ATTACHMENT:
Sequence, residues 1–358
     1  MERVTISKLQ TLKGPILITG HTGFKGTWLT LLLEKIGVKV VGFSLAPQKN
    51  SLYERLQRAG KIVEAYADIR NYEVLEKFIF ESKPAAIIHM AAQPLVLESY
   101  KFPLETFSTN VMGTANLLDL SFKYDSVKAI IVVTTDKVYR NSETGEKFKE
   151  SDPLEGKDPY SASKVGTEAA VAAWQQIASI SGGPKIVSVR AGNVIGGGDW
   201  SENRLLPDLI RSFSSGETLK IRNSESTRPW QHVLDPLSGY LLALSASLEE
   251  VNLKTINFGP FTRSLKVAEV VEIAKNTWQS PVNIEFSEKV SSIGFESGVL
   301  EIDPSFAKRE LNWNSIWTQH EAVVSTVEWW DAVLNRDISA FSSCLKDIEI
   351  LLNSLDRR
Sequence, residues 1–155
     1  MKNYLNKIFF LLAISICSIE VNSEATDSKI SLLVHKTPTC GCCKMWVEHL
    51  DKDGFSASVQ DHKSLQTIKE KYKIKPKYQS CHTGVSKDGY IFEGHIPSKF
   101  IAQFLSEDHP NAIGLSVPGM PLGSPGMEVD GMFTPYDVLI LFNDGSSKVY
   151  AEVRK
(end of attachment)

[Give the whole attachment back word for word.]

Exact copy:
Sequence, residues 1–358
     1  MERVTISKLQ TLKGPILITG HTGFKGTWLT LLLEKIGVKV VGFSLAPQKN
    51  SLYERLQRAG KIVEAYADIR NYEVLEKFIF ESKPAAIIHM AAQPLVLESY
   101  KFPLETFSTN VMGTANLLDL SFKYDSVKAI IVVTTDKVYR NSETGEKFKE
   151  SDPLEGKDPY SASKVGTEAA VAAWQQIASI SGGPKIVSVR AGNVIGGGDW
   201  SENRLLPDLI RSFSSGETLK IRNSESTRPW QHVLDPLSGY LLALSASLEE
   251  VNLKTINFGP FTRSLKVAEV VEIAKNTWQS PVNIEFSEKV SSIGFESGVL
   301  EIDPSFAKRE LNWNSIWTQH EAVVSTVEWW DAVLNRDISA FSSCLKDIEI
   351  LLNSLDRR
Sequence, residues 1–155
     1  MKNYLNKIFF LLAISICSIE VNSEATDSKI SLLVHKTPTC GCCKMWVEHL
    51  DKDGFSASVQ DHKSLQTIKE KYKIKPKYQS CHTGVSKDGY IFEGHIPSKF
   101  IAQFLSEDHP NAIGLSVPGM PLGSPGMEVD GMFTPYDVLI LFNDGSSKVY
   151  AEVRK